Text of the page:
One historically consistent pattern for most market changes (the law of cycles) is that the direction of the change from one period to the next is about twice as likely to be in the same direction as it was in the previous same time period.  In other words, if the stock went up last week (or month), it is more likely to go up again next week (or month).

We tested this pattern on SPY for several years, and sadly, found that it did not hold up.  The chances were almost 50-50 that it would move in the opposite direction in the second period.

Maybe the pattern would work for our most popular underling, an ETP called SVXY.  You might recall that we love this “stock” because it is extremely volatile and option prices are wonderfully high (great for selling).  In the first 22 weeks of 2014, SVXY fluctuated by at least $3 in one direction or the other in 19 of those weeks.  Maybe we could use the pattern and buy weekly either puts or calls, depending on which way the market had moved in the previous week.

Once again, the historical results did not support the law of cycles pattern.  The stock was almost just as likely to move in the opposite direction as it had in the previous week.  Another good idea dashed by reality.

In making this study, we discovered something interesting, however.  In the first half of 2014, SVXY fell more than $3 in a single week on 5 different occasions.  In 4 of the subsequent weeks, it made a significant move ($3 or more) to the upside.  Buying a slightly out-of-the-money weekly call for about a dollar and a half ($150 per contract) could result in a 100% gain (or more) in the next week in 4 out of 5 weeks.

If this pattern could be counted on to continue, it would be a fantastic trading opportunity.  Yes, you might lose your entire investment in the losing weeks, but if you doubled it in the winning weeks, and there were many more of them than losing weeks, you would do extremely well.

For  those reasons, I bought calls on SVXY on Friday.  The Jul-14 90.5 call that expires this Friday (July 18th) could have been bought for $1.30.  The stock closed at $88.86.  I plan to place an order to sell these calls, half at $2.60, and half at $3.90.  The pre-market prices indicate that one of these orders might exercise sometime today and I will have all my money back and still own half my calls.  It might be a fun week for me.  We’ll see.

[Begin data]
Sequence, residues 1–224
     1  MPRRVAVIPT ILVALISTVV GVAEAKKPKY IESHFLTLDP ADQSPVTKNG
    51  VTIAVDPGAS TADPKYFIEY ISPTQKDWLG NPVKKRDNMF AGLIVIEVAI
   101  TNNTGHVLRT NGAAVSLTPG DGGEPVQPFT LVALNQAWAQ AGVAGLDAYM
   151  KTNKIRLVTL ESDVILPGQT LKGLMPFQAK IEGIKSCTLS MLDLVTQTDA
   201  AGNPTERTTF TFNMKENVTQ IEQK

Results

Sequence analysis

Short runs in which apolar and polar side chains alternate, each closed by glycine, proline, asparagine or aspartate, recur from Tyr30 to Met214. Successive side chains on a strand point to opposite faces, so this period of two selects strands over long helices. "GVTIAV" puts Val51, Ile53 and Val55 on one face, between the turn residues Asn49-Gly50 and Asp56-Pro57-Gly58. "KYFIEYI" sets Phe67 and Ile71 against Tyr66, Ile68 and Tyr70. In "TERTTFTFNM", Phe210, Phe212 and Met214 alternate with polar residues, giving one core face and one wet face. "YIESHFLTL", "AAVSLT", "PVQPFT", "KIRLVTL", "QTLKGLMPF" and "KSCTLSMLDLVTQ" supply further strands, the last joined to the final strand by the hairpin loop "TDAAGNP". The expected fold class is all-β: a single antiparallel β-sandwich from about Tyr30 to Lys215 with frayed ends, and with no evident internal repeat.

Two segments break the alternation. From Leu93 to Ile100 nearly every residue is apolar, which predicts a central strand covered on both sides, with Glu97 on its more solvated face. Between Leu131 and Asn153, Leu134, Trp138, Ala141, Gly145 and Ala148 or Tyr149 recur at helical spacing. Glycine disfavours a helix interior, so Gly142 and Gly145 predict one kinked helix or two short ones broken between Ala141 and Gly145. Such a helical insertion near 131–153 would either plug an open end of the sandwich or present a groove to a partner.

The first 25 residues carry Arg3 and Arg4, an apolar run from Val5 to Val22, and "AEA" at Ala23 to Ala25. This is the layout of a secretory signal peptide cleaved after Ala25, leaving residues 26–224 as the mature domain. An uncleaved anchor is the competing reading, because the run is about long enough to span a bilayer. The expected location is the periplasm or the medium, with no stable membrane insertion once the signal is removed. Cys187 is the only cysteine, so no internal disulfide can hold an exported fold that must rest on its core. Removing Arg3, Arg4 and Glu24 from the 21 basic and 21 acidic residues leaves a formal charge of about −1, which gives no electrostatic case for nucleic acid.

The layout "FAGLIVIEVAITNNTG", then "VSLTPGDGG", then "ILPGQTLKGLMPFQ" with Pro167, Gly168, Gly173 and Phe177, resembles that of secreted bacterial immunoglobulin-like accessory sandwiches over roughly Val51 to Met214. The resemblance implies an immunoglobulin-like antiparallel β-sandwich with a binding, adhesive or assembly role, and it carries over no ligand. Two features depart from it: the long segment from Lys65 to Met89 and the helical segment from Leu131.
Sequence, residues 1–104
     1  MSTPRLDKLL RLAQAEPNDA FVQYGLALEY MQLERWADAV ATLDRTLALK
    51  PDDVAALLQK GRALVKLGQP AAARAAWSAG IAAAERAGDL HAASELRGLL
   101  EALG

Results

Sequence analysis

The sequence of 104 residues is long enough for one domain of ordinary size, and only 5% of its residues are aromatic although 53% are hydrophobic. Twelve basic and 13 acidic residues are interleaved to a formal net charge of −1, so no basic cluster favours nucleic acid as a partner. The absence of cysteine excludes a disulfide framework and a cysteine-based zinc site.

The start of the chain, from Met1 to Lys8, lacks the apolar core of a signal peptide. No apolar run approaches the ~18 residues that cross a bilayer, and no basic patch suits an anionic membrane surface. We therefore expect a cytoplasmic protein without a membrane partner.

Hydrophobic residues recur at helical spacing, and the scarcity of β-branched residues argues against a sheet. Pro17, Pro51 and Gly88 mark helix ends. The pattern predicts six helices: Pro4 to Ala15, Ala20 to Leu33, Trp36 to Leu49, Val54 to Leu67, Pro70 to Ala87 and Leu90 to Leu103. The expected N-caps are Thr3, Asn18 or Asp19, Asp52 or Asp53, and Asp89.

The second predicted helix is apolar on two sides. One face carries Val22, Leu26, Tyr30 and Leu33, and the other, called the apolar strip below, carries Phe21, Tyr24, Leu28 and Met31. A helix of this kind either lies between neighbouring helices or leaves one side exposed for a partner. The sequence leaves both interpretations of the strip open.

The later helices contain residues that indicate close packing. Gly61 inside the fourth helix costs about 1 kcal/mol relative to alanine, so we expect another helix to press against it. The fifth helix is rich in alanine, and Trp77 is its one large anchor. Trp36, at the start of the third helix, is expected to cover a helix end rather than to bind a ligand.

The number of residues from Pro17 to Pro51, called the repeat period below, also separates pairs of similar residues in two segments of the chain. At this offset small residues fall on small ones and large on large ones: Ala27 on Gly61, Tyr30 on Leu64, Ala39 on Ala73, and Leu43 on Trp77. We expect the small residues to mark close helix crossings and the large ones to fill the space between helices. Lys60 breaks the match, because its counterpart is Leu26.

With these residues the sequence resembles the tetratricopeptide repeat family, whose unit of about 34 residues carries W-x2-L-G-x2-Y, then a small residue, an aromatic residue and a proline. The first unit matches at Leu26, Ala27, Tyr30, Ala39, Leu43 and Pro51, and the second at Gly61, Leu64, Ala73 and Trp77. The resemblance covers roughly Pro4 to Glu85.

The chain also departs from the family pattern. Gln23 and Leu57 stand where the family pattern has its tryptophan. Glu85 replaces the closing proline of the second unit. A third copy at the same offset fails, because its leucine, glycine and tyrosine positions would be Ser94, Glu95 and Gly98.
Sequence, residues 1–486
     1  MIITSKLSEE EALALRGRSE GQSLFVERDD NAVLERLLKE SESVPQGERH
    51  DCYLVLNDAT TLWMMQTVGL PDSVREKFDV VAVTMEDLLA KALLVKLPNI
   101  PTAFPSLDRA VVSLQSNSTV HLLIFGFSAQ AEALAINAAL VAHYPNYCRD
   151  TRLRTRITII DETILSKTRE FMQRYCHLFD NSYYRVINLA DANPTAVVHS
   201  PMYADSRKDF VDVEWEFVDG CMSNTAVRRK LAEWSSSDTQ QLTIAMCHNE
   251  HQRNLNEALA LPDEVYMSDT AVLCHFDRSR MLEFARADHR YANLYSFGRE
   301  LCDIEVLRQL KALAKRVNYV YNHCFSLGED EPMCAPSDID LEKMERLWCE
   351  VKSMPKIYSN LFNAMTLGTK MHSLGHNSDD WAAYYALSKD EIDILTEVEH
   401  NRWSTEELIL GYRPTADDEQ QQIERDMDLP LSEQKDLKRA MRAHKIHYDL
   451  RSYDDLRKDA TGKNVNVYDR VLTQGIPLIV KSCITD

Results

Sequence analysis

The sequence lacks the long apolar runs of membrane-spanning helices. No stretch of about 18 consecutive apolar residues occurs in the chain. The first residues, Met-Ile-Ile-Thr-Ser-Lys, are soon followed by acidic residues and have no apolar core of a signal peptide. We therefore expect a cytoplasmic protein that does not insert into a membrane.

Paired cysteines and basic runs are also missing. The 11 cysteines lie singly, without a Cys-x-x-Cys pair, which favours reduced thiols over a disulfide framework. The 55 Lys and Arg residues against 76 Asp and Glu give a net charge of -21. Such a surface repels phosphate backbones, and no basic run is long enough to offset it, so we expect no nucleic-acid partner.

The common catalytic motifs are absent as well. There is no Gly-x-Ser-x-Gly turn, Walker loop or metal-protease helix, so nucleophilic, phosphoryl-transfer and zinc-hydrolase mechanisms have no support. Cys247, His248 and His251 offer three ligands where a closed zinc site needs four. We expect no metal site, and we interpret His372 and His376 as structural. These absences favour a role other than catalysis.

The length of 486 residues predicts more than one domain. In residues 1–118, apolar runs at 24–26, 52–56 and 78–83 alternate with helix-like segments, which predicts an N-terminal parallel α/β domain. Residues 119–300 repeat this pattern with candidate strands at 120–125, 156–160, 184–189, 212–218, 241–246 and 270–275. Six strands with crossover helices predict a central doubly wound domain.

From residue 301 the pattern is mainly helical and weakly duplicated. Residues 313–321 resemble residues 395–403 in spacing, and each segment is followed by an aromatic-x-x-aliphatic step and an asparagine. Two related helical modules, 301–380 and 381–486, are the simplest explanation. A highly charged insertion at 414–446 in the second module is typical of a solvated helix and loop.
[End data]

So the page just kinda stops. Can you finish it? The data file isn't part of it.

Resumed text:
On another subject, have you got your free report entitled 12 Important Things Everyone with a 401(K) or IRA Should Know (and Probably Doesn’t).  This report includes some of my recent learnings about popular retirement plans and how you can do better.  Order it here.  You just might learn something (and save thousands of dollars as well).

Vertical Put Credit Spreads Part 2

Monday, July 7th, 2014

Last week I reviewed the performance of the Terry’s Tips options portfolio for the first half of the year.  I should have waited a week because this week was a great one – our composite average gained another 6%, making the year-to-date record 22%, or about 3 times as great as the market (SPY) gain of about 7%.

Last week I also discussed a GOOG vertical put credit spread which is designed to gain 100% in the year if GOOG finished up 2014 at any price higher than where it started, something that it has done in 9 of its 10 years in business.  I want to congratulate those subscribers who read my numbers closely enough to recognize that I had made a mistake.  I reported that we had sold a (pre-split) 1120 – 1100 vertical put credit spread and collected $5.03 which was slightly more than the $500 per spread that I would have at risk. Actually, if the difference between the short and long sides was $20, and the maximum loss would be almost $15 (and the potential return on investment would be 33% rather than 100%).  We actually sold the spread for $10.06, not $5.03, and I mistakenly reported the post-split price.  We are now short 560 puts and long 550 puts, so the difference between the two strikes is $10 and we collected $5.03, or just about half that amount.  Bottom line, if GOOG finishes the year above $560, we will make 100% on our investment.  It closed at $585 Friday, so it can fall by $25 from here and we will still double our money.

Today we will discuss two other spreads we placed at the beginning of 2014 in one of the 10 portfolios we conduct for all to see at Terry’s Tips.

Terry

Vertical Put Credit Spreads Part 2:

We have a portfolio we call Better Odds Than Vegas.  In January, we picked three companies which we felt confident would be higher at the end of the year than they were at the beginning of the year.  If we were right, we would make 100% on our money.  We believed our odds were better than plunking the money down on red or black at the roulette table.